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U2 fans find what they're looking for in Tampa at Joshua Tree anniversary show

Rachel Hart, left, of Gainesville and Laura McGill of Orlando look at video Wednesday of U2 lead singer Bono that Hart captured outside the stadium.
Rachel Hart, left, of Gainesville and Laura McGill of Orlando look at video Wednesday of U2 lead singer Bono that Hart captured outside the stadium.
Published Jun. 15, 2017

The sunset sky above Raymond James Stadium was neither blood-red nor bullet-blue, but at least it was no longer pouring. And that was music to the ears of some 60,000 poncho-wrapped U2 fans, who braved thunderstorms and traffic for the Irish rock legends' first Tampa concert in eight years.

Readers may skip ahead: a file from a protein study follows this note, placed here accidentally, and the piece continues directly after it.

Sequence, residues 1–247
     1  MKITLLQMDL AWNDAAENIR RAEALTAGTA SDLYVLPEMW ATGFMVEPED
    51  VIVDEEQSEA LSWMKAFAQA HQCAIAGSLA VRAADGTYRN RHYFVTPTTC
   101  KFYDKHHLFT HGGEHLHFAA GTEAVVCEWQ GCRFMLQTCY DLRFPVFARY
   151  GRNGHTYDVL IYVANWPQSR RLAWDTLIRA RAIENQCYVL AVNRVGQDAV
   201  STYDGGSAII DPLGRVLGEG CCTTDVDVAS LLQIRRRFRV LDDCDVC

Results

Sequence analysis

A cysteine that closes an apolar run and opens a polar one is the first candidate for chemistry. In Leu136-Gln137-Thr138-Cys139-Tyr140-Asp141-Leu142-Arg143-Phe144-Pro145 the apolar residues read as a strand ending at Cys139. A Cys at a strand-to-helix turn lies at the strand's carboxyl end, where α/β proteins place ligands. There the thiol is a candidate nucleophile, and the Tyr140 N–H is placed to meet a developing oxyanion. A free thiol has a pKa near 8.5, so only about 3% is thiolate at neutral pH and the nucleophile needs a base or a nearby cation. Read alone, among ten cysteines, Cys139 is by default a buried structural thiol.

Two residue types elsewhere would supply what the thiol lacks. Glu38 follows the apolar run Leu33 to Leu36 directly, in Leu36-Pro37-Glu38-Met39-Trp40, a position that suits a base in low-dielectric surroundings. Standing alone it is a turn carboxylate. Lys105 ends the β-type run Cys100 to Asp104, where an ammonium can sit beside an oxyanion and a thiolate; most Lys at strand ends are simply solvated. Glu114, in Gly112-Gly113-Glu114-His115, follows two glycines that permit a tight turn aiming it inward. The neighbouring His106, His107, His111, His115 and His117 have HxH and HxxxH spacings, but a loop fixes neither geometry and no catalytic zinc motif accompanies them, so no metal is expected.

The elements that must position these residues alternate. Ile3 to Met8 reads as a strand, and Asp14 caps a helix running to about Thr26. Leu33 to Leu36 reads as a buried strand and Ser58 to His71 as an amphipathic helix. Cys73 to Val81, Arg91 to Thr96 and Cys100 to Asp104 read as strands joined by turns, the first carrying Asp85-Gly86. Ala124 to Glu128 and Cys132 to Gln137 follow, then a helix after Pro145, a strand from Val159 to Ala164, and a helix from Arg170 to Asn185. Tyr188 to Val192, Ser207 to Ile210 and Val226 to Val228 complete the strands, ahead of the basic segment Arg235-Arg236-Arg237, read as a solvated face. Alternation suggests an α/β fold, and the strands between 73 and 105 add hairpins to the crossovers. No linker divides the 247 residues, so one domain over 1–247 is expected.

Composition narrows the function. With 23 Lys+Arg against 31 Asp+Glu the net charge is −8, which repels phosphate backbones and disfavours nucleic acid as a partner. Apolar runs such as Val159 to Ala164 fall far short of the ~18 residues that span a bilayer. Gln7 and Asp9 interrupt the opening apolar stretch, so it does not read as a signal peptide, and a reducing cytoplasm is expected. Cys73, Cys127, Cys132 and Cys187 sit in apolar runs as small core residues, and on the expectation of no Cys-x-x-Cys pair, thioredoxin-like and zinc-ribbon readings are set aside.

Unbowed by a daylong threat of thunderstorms, fans lined up well before dawn to get a good spot inside RayJay, where a brilliant rainbow hung in the sky until U2 took the stage to commemorate the 30th anniversary of their landmark album The Joshua Tree.

The band entered a stark smaller stage to play some of its biggest, boldest hits, including Sunday Bloody Sunday (during which Bono referenced London, Manchester and, in a play to the crowd, Tampa) and New Year's Day; before moving in front of a 200-foot-wide, high-def LED screen for Where the Streets Have No Name, opening a full performance of The Joshua Tree.

At that point, the audience, from U2 lifers in vintage 1987 Joshua Tree tour T-shirts to the kids and grandkids on their laps, had found exactly what they were looking for.

Contact Jay Cridlin at cridlin@tampabay.com or (727) 893-8336. Follow @JayCridlin.